WASHINGTON, July 24 (UPI) -- Former Louisiana Gov. Buddy Roemer told a U.S. Senate panel Tuesday lobbyists and super PACs have far too much influence in Washington.
Roemer, who also represented Louisiana in Congress, testified at a hearing of the Judiciary Committee's Subcommittee on the Constitution, Civil Rights and Human Rights, which is looking into proposals to rein in influence peddlers.
"As the only person running for president who was elected both as congressman and as governor, it is my belief that Washington, D.C., is not just broken," Roemer said. "It is bought, rented, leased, and owned by the money givers. Special interests, the bundlers, PACs, super PACs, lobbyists, the Wall Street bankers, the pharmaceuticals, the corporate giants, the insurance companies, organized labor, the GSE's like Fannie and Freddie, energy companies, on and on and on and on.
"And this is not about one party versus the other, or about one person or another. It is about systemic and institutional corruption where the size of your check rather than the strength of your need or idea determine your place in line."
The hearing is the second called by the panel's chairman, Assistant Majority Leader Dick Durbin, D-Ill., to examine the impact of the U.S. Supreme Court's landmark ruling in the Citizens United case, in which it held that the First Amendment prohibits the government from restricting independent political spending by corporations and unions.
"Since the Supreme Court's decision on Citizens United, we have seen the rapid rise of super PACs and unprecedented influence-buying by wealthy individuals seeking to advance their agendas," Durbin said. "This year, election spending by outside groups will likely shatter previous records, but very little will be known about who's footing the bill. In a democracy that values open debate and participation, voters should know who has paid for the political ads designed to persuade them. Bills like the Fair Elections Now Act and the DISCLOSE Act are a good start. But it's increasingly clear that the only way to really reform our system is to pass a constitutional amendment to regulate how we finance our elections."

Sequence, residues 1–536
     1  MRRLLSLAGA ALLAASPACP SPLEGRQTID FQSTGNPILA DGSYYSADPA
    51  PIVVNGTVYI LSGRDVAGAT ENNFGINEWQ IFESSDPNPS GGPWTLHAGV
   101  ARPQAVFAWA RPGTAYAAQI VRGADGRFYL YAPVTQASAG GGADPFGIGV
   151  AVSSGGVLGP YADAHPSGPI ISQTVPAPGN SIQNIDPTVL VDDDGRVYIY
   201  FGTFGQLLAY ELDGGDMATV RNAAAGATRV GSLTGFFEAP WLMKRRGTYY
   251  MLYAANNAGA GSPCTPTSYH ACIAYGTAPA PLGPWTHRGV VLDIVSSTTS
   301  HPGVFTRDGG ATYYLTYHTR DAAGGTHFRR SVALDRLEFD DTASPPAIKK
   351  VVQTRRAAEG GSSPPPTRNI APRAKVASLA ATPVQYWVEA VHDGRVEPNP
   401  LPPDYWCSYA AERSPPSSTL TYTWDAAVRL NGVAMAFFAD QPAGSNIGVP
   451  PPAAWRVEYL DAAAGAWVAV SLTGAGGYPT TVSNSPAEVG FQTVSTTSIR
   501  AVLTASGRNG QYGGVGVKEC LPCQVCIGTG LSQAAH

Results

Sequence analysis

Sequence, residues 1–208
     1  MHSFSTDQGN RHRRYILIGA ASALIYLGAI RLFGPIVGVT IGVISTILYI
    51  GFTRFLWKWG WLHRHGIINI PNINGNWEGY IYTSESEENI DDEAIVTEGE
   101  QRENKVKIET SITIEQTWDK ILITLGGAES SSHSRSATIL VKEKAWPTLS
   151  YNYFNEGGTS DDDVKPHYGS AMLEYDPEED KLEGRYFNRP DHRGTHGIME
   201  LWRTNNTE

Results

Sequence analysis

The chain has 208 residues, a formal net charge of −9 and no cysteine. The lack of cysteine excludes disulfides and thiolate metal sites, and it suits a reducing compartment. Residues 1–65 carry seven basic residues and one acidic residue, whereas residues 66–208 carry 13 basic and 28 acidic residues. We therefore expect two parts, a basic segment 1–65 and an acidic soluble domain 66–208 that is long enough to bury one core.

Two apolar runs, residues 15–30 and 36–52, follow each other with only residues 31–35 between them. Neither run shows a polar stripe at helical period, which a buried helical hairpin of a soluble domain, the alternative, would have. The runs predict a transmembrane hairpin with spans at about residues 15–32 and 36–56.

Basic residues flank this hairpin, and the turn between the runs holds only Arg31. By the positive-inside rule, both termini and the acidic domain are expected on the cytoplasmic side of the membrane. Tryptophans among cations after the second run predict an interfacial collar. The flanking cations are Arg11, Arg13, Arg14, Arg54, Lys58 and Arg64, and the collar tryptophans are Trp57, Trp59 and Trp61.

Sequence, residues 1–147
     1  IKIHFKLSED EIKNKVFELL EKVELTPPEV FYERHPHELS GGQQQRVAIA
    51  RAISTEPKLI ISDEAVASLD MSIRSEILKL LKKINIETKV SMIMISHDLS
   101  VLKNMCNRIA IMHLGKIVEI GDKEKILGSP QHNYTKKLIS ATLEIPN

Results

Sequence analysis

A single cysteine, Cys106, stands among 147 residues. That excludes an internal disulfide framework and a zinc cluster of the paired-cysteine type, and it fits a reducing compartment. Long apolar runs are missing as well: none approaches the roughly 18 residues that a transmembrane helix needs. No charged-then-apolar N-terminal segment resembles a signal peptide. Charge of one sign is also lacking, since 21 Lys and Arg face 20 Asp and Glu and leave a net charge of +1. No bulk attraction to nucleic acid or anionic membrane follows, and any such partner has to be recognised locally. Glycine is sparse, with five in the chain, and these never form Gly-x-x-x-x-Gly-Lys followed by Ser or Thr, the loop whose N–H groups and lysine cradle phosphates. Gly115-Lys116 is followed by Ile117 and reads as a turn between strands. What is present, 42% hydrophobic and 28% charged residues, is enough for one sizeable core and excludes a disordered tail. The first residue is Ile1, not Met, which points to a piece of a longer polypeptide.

Durbin noted in a release that the amount spent by outside groups rose from $70 million in 2006 to $294 million in 2010. Super PACs have raised more than $250 million so far this year, he said.
Harvard Law School Professor Lawrence Lessig, an expert on campaign financing, testified the high court's ruling has ignited more "outrage and sustained fury from citizens across the political spectrum" than nearly any other court case.
"[The people] have lost the faith that their government is responsive to them, because they have become convinced that their government is more responsive to those who fund your campaigns," he said.
The subcommittee was given petitions signed by nearly 2 million people who favor a constitutional amendment overturning Citizens United, Durbin's release said.
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